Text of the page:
JOURNAL ARTICLE

The regional sero-epidemiology of rhinosporidiosis in Sri Lankan humans and animals

T Sudasinghe, R P V J Rajapakse, N A N D Perera, P V R Kumarasiri, N B Eriyagama, S N Arseculeratne
Acta Tropica 2011, 120 (1-2): 72-81
21801708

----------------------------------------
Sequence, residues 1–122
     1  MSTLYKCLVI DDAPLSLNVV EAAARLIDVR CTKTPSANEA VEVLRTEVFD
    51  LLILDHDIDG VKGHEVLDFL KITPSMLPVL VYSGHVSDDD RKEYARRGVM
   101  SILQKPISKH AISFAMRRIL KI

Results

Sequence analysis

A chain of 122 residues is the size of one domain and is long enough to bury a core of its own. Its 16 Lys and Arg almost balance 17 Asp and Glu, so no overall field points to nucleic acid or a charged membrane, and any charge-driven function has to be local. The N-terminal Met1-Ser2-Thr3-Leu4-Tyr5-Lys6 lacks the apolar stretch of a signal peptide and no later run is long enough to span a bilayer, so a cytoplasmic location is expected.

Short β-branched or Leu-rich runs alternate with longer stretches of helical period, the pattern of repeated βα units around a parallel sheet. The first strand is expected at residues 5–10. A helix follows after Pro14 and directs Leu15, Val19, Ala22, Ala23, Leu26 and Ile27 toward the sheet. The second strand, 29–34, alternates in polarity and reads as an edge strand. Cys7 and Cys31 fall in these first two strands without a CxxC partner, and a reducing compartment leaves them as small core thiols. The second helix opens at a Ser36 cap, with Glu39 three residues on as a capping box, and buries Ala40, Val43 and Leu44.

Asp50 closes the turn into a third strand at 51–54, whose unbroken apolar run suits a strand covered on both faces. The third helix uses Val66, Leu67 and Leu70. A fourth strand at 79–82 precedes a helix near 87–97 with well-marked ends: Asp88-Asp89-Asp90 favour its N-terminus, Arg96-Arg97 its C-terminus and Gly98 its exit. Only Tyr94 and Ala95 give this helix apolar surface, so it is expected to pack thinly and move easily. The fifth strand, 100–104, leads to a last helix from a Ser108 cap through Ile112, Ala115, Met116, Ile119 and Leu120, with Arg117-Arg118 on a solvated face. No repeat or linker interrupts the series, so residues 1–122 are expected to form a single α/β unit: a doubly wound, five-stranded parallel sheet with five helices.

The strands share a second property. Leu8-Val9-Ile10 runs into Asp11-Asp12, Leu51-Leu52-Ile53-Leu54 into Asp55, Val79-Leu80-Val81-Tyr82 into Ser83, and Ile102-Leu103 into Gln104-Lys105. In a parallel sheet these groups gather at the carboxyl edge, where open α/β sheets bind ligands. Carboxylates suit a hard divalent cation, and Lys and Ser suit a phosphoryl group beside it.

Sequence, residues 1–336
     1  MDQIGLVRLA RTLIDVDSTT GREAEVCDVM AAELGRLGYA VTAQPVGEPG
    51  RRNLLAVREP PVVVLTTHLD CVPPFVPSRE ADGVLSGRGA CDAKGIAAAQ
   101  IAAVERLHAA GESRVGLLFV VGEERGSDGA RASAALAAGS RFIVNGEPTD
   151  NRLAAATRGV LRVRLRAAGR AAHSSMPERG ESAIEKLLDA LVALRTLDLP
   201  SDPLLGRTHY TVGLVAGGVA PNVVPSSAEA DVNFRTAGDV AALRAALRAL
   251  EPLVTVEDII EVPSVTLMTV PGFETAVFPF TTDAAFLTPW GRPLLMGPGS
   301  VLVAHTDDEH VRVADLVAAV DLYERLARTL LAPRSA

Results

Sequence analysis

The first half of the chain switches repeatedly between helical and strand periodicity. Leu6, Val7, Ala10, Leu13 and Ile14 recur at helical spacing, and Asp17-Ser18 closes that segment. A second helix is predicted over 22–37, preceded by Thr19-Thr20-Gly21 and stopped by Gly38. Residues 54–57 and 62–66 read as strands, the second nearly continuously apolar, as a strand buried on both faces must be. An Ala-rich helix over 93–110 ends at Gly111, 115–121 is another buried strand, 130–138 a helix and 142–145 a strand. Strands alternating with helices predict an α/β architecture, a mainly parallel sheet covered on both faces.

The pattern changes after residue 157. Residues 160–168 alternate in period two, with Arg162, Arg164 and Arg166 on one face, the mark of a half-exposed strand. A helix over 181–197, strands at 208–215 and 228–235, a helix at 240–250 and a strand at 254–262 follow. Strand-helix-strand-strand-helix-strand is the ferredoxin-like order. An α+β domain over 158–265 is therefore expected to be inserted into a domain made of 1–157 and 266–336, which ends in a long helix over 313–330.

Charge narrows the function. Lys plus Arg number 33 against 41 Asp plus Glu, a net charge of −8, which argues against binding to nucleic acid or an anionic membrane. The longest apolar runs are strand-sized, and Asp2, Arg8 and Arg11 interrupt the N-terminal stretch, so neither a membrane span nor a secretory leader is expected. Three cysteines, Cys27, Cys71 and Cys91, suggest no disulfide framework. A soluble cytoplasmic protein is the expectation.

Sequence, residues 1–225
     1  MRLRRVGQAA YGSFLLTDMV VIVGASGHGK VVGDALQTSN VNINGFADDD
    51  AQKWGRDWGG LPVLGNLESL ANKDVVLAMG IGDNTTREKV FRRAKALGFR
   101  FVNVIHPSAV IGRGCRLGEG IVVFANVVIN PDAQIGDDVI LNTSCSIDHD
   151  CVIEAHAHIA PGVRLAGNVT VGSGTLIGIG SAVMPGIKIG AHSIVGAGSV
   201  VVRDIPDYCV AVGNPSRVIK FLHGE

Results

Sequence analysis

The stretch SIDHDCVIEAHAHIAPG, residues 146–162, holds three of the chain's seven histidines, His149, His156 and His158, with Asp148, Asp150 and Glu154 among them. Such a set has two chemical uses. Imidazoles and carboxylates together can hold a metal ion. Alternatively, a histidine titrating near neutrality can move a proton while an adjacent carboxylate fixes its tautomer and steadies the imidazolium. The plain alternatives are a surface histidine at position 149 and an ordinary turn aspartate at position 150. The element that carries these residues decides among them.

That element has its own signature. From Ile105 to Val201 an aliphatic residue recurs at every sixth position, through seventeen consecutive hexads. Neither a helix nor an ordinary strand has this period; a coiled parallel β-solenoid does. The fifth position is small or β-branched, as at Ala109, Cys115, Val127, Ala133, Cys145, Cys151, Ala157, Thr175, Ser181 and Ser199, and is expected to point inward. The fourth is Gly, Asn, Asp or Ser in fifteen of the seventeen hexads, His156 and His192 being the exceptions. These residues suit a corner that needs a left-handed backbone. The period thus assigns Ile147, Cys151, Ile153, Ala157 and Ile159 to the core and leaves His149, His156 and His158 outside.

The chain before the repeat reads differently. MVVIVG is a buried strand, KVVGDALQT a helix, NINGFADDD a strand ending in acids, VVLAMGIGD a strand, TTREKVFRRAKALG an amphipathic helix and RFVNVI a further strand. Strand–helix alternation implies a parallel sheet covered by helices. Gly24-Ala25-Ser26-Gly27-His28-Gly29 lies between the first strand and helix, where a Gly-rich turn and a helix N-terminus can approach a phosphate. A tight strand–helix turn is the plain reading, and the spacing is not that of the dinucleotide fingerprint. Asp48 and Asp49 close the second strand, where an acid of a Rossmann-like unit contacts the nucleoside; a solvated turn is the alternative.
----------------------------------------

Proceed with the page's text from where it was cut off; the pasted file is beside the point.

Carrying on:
No data is available in the world literature on serum anti-rhinosporidial antibody levels in animals, and as far as we aware this is the first report. Although rhinosporidiosis in farm and domestic animals has been widely reported from other countries, rhinosporidiosis in animals has not been reported in Sri Lanka, though this country has the highest world-wide prevalence of human rhinosporidiosis on a unit-population basis. Serum IgG titres in 6 species of Sri Lankan animals (buffalo, cat, cattle, dog, goat, horse; total 291) were assayed by the Immuno blot (dot-ELISA) method on nitrocellulose paper and were compared with serum IgG titres in normal Sri Lankan human subjects (total 211) in different geographical areas, and in human Sri Lankan patients with rhinosporidiosis as reference values (total 36). Sensitization to rhinosporidial antigen(s) was detected in all 6 species of animals and the highest titres (1/3200) were found in cats, and free-grazing horses. Cattle showed higher levels of antibody than buffaloes. The titres in these animals are compared with world reports on overt rhinosporidiosis in these species, and with titres in normal Sri Lankan humans. Human, but not animal titres showed variations compatible with the regional prevalence of rhinosporidiosis. The variations in titres in animals especially horses, were probably more related to their mode of feeding, while in humans the titres in normal persons were probably related to the rhinosporidial-endemicity of their respective regions. No conclusions from sero-positivity in animals could be made regarding the absence of reports on rhinosporidiosis as an overt disease in these Sri Lankan animal species but the possibility of a genetically-determined insusceptibility to rhinosporidiosis in Sri Lanka, is considered. Rhinosporidium seeberi-specific PCR positive reactions were obtained with nasal scrapings from cattle that microscopically showed PAS+ bodies that were compatible with rhinosporidial sporangia. Sequence-analysis of the reactions products from five positive R. seeberi-specific PCR samples (four in this study and 1 in a previous study) gave results confirmatory of R. seeberi.

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